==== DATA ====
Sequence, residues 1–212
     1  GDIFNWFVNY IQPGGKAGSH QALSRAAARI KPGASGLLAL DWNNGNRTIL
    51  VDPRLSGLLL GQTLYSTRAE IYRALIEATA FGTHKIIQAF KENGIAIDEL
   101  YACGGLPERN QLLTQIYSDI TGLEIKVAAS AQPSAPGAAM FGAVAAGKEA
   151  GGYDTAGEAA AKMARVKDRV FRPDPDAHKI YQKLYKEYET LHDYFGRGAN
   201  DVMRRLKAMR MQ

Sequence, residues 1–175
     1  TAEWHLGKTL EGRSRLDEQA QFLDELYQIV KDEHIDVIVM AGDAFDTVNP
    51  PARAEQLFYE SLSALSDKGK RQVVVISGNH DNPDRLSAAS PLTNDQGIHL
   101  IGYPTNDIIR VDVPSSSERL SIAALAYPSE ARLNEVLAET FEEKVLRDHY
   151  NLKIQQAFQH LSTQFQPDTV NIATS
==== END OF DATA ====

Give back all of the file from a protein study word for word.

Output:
Sequence, residues 1–212
     1  GDIFNWFVNY IQPGGKAGSH QALSRAAARI KPGASGLLAL DWNNGNRTIL
    51  VDPRLSGLLL GQTLYSTRAE IYRALIEATA FGTHKIIQAF KENGIAIDEL
   101  YACGGLPERN QLLTQIYSDI TGLEIKVAAS AQPSAPGAAM FGAVAAGKEA
   151  GGYDTAGEAA AKMARVKDRV FRPDPDAHKI YQKLYKEYET LHDYFGRGAN
   201  DVMRRLKAMR MQ

Sequence, residues 1–175
     1  TAEWHLGKTL EGRSRLDEQA QFLDELYQIV KDEHIDVIVM AGDAFDTVNP
    51  PARAEQLFYE SLSALSDKGK RQVVVISGNH DNPDRLSAAS PLTNDQGIHL
   101  IGYPTNDIIR VDVPSSSERL SIAALAYPSE ARLNEVLAET FEEKVLRDHY
   151  NLKIQQAFQH LSTQFQPDTV NIATS